May 15 tax deadline remains, but county votes to abate late penalties

By Erin Ballard

Residents and businesses in Lyon County experiencing economic pressures caused by COVID-19 are getting some much-needed relief.

The Lyon County Board of Commissioners voted unanimously Tuesday to abate the majority of penalties for late payments associated with property taxes through July.  The due date will still be May 15.

“I think with this here it’s a way to help everybody in a situation where they’re out of work right now and can’t come up with the dollars,” Commissioner Gary Crowley said. “Imposing the full penalty for late payment of property taxes in 2020 would be unjust and unreasonable.”

The action dramatically decreases the penalties for unpaid taxes — not including energy production, utilities and railroads — to only 1% between May 16 and June 30 and 2% between July 1 and July 31. The penalties, depending on the property, were originally 2% or 4% from May 16-31, 4% or 8% in June, and 5% or 9% in July.

The commissioners contended that reducing the penalties rather than moving the due date will help a larger number of individuals and groups, including local schools, cities and other taxing districts dependent on property tax revenues. 

“This is affecting the farm and railroad economy just as much as it is businesses,” Commissioner Rick Anderson said. “I think the way we’re going at it, we’re looking at all the taxpayers in Lyon County. We’re not picking out specific people or organizations. This is better off for everybody in the county.”

“We’re all in it together,” Commissioner Steve Ritter said. 

Recently, several cities reached out to commissioners in relation to the decision. Tracy Mayor Tony Peterson urged the board in a letter April 28 against removing penalties completely for late property tax payments. He said the taxes are 40% of his city’s general fund revenue and losing it could mean furloughing employees and limiting the ability to provide crucial services.

“Although we do understand the need to support our citizens and businesses in this time of crisis, any measure that affects our June property tax distribution would be devastating to the City of Tracy and other cities in the county,” Peterson wrote.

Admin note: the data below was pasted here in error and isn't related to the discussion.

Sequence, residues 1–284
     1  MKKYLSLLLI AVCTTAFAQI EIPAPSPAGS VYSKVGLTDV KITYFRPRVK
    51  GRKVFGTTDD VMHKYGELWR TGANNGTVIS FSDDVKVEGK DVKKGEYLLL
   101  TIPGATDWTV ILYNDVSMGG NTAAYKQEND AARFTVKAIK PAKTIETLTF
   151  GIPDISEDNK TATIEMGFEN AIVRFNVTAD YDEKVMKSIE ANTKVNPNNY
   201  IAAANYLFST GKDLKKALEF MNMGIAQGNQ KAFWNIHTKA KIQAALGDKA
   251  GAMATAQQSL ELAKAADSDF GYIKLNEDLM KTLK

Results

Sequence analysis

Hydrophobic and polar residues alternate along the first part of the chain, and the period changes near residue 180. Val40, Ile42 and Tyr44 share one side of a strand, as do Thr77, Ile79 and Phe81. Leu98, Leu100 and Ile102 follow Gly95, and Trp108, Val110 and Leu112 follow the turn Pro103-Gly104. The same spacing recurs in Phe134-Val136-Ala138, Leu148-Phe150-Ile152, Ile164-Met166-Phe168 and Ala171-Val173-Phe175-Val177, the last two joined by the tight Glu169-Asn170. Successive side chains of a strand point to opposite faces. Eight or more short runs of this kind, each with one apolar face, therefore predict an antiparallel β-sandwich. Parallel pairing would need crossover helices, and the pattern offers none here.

Balaton’s City Treasurer Roberta Joehnck wrote to the commission April 29, saying that a delay in the payments would cause irreparable damage to the city, after natural disasters and the closing of the local nursing home had depleted its reserves in recent years. 

“Balaton is unable to trim anymore. The city operates with minimal staff and dated equipment. Cash flow is a problem. Delaying tax levy payments could see the city filing for bankruptcy,” she wrote. 

County commissioner Charlie Sanow said reducing the penalties would help struggling residents and businesses while still ensuring districts would not go under.

“Some of these smaller cities and entities who can’t afford to have a delay … we can pay them a portion of whatever we get. We can do a separate payment for them and give them the rest when it comes in. They don’t need to have 100% of it the first day,” he said.

Sanow said he also didn’t think lowering the penalty would be a deterrent for those who can afford to make their property tax payments on time. 

“There’s a lot of arguments out there that people who are unemployed are actually making more money than what they were before this,” Anderson said. “I think (in lowering penalties) we’re doing a really good job to all the people in Lyon County.”

Lyon County has so far collected about $4.6 million in property taxes out of the $22.4 million expected in the first half of 2020, according to Lyon County Auditor/Treasurer E.J. Moberg. That’s a large gap, but it isn’t irregular compared to previous years, he said. However, that doesn’t take into account the pandemic and future unknowns in the economy.  

“We’re so far following normal patterns, but we do know we’re in an abnormal situation as far as what’s out there in the world,” Moberg said. “It’s not an incentive for those who can still pay on time, but it’s not harming those that are already down. You’re not kicking them when they’re down.”

In other action, the board:

• Approved a resolution officially recognizing the week of May 10-16 as Correctional Officer Week 2020. 

• Approved an abatement of 2020 taxes on a home destroyed by fire in July 2019.